Hello all. Thank you for taking the time to join me today for my next ForeFront instalment. My name is Felicity Gardiner, and I’m part of the strategy and planning team here at RocketMill.
A little bit about me. Before forging a career in digital, I worked in the fashion industry, and have five years experience working in fashion, merchandising and buying. Although I’ve now made the transition to work in my other passion, digital marketing, I still have a very keen interest within the fashion retail sector, and in particular love reading about case studies where these two worlds collide. This is why I’m going to talk to you today about the luxury retail sector. In particular, the current challenges the luxury retail sector are facing, the opportunity this poses, and how brands are adopting holistic strategies and embracing tech to provide a seamless clicks and mortar shopping experience to their customers.
Why is change needed?
Well, digital is increasingly influencing purchasing decisions of high net worth individuals. According to Bayne & Company, 70% of luxury purchases today are influenced by online interactions, with shoppers partaking in at least one digital interaction with a brand before buying an item. This doesn’t mean we should discount the value of physical stores. As specifically to the luxury retail sector, their contribution to a conversion is very high. While online offers convenience, with a higher price tag, premium items people need to touch, feel, experience the high-end product before they purchase it.
In addition, online stores thus far haven’t been able to offer the same upsell opportunities as their online counterparts, where the spend per transaction is much lower. While digital has disrupted the way we shop, physical stores still offer a unique experience that isn’t currently available online.
The generational shift in luxury sales
Another change driver comes from the generational shift that’s happening in luxury sales. Traditionally older shoppers have been the driving force behind luxury purchases, but the power has now shifted towards millennials and generation Z, who generated last year 85% of the growth within the luxury retail sector.
Why is this a problem? Well, this generational shift has also caused a shift in customer expectations. Millennials and generation Z are constantly online and have much higher expectations when it comes to convenience and personalization at scale. This is especially prevalent within the luxury retail sector, where these younger shoppers expect a brand experience that is personalised and seamlessly integrated, whether you’re in the physical store or online.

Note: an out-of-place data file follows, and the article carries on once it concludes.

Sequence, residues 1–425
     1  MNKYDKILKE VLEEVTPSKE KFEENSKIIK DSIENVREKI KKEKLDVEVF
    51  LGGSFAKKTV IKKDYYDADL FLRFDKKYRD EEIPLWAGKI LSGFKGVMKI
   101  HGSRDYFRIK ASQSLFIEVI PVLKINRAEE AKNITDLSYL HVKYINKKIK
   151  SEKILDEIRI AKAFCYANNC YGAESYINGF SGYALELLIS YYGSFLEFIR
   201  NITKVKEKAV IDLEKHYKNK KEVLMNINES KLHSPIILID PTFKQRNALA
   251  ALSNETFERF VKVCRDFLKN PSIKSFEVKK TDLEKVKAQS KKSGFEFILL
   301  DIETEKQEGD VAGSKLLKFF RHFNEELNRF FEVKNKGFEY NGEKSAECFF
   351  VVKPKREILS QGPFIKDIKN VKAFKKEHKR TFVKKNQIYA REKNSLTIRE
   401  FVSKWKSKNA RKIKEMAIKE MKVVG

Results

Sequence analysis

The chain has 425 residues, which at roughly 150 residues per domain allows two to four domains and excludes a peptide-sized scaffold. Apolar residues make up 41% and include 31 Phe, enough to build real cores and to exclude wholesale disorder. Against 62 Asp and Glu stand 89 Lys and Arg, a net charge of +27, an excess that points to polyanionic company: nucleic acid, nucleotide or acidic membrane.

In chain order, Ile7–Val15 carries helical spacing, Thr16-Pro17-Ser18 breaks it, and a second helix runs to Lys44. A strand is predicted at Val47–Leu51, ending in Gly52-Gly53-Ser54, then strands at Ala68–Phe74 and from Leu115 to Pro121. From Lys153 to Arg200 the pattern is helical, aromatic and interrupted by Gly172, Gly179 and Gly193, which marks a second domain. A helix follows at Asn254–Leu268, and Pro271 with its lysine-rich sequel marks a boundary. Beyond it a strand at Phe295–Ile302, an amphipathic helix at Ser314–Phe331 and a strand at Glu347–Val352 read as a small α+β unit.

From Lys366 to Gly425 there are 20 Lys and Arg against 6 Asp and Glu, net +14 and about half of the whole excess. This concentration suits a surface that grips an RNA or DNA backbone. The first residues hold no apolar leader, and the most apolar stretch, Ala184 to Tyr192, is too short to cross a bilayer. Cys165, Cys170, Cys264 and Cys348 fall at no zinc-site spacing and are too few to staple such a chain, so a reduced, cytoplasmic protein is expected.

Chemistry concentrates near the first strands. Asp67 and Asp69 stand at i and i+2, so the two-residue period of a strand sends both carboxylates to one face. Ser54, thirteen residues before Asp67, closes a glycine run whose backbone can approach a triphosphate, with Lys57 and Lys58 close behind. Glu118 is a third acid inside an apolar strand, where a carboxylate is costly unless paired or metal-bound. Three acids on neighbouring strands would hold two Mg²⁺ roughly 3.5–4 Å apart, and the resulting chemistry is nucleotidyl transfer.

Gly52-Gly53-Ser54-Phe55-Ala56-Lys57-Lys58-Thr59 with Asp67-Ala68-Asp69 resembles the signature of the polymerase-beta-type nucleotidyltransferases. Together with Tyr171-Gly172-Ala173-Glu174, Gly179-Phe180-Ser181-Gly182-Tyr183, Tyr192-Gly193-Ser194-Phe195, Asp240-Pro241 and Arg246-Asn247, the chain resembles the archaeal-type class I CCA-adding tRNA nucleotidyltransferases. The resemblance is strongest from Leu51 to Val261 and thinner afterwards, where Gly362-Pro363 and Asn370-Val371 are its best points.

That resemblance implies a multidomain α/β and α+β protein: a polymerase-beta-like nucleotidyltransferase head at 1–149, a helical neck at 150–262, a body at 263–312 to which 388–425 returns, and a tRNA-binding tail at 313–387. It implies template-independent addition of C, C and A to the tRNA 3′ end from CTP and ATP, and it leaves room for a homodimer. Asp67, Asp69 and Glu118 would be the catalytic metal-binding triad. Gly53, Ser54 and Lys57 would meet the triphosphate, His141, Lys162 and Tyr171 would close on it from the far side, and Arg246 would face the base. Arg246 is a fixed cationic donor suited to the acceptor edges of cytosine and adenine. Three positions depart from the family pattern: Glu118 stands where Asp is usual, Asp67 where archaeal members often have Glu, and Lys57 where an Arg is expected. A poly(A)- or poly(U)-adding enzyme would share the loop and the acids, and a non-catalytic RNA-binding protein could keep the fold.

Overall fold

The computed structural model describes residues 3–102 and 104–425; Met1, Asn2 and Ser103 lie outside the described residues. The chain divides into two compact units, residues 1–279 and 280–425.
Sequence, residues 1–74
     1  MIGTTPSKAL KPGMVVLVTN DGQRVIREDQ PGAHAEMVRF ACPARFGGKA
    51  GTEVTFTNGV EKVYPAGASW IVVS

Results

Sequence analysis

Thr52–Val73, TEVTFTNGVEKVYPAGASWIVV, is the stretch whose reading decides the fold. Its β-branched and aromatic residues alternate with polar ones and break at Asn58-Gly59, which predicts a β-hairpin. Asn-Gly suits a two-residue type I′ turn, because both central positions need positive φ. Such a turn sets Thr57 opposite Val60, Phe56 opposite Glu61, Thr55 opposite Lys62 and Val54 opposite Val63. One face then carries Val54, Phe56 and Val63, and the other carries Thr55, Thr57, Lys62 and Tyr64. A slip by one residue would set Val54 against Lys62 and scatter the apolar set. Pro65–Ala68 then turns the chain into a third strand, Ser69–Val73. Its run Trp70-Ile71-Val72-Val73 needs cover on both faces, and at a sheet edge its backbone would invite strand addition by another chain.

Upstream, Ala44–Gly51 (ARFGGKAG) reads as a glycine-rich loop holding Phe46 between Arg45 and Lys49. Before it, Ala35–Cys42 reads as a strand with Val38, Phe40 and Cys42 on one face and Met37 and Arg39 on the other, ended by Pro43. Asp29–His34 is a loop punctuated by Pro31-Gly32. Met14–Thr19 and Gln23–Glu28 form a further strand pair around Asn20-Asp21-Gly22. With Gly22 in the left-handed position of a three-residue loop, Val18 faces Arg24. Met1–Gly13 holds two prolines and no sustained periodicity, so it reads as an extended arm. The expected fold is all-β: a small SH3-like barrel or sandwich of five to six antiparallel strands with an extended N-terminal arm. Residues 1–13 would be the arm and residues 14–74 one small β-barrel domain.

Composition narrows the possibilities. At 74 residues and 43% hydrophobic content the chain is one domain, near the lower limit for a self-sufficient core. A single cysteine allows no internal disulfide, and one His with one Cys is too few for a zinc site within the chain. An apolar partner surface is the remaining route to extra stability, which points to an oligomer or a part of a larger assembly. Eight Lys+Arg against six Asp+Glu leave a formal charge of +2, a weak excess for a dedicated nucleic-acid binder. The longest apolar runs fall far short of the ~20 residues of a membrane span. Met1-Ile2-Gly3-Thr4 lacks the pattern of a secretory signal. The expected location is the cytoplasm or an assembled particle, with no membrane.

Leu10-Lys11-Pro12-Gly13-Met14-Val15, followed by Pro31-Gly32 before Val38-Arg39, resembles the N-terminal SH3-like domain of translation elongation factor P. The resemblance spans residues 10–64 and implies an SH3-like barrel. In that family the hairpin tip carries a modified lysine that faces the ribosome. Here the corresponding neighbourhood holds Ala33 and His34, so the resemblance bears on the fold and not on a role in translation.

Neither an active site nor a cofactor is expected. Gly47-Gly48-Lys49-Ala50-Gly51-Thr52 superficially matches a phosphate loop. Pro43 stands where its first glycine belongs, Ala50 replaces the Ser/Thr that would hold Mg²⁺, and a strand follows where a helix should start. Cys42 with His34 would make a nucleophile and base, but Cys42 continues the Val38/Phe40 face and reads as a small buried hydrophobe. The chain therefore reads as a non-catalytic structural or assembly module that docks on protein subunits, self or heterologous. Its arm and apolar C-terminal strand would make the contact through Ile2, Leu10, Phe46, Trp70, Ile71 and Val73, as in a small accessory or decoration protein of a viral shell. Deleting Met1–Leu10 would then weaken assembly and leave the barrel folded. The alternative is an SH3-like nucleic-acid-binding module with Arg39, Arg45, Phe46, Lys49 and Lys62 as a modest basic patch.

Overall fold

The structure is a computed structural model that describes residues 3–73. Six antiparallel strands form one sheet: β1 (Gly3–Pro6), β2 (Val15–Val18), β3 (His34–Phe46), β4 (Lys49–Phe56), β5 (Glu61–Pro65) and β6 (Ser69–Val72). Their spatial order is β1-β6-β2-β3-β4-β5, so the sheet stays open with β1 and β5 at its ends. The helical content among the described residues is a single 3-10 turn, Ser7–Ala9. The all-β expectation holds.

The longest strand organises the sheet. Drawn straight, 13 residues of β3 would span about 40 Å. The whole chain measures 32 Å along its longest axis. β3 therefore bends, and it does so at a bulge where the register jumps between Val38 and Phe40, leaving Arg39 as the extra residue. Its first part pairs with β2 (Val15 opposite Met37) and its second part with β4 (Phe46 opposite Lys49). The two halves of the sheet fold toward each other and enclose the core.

What’s the challenge?
Well, historically eCommerce has been a struggle for luxury brands. The reason being that the only option available to them was to trade through purely functional, and therefore bland, off the rack, multi-brand distribution platforms. These were designed to shift high quantities of low to mid-range items, therefore not suitable for high-end luxury brands who want to sell their experience as well as their product. In short, this meant that high-end products were reserved for the premium offline experience, which taking into consideration the aforementioned shift in customer buying behaviour, needed to change.
Examples of digital transformation in retail
Fast forward to present day, and luckily things are looking very different. Has anyone heard of Net-a-Porter or Farfetch? Good. Well, they might just be another eCommerce website you can browse during your lunch break, but to a whole host of high-end designers, including Armani, Alexander Wang, Moschino, Prada, Valentino, they are the gatekeepers with the power to unlock the opportunity of digital transformation in online retail to the avant-garde. These companies don’t only provide a multi-brand platform exclusively for luxury brands. They’re also at the forefront of retail technology and have revolutionised the retail landscape for high-end brands for good.
With this in mind, which one will reign supreme? Well according to Farfetch, neither. Instead, it predicts a future of connected retail, which consists of a blend of the digital and physical realms, which will allow consumers to seamlessly move between the two.
Farfetch – delivery
To demonstrate this in action, I’m going to show you two case studies from the billion-dollar fashion unicorn, Farfetch. The first is a brilliant example of how a brand has used their understanding of their target market to identify a gap and become a disruptor and pioneer within that sector. Just as Deliveroo has done for fast food or Uber for transport.
Farfetch and Gucci, in their new joint venture F90, promises to hand deliver Gucci clothes and accessories within 90 minutes of when buying online. Now, that is really cool, but the best thing about it is that this 90-minute delivery specifically targets the, “I want it now.” mindset of millennials, which is a direct response to the fact that this generation take one-third less time to make a purchase decision than the more mature audience. This is just one example of how a luxury brand has used their understanding of the target market to adapt their retail experience to match the changing expectations of buying habit of the customer?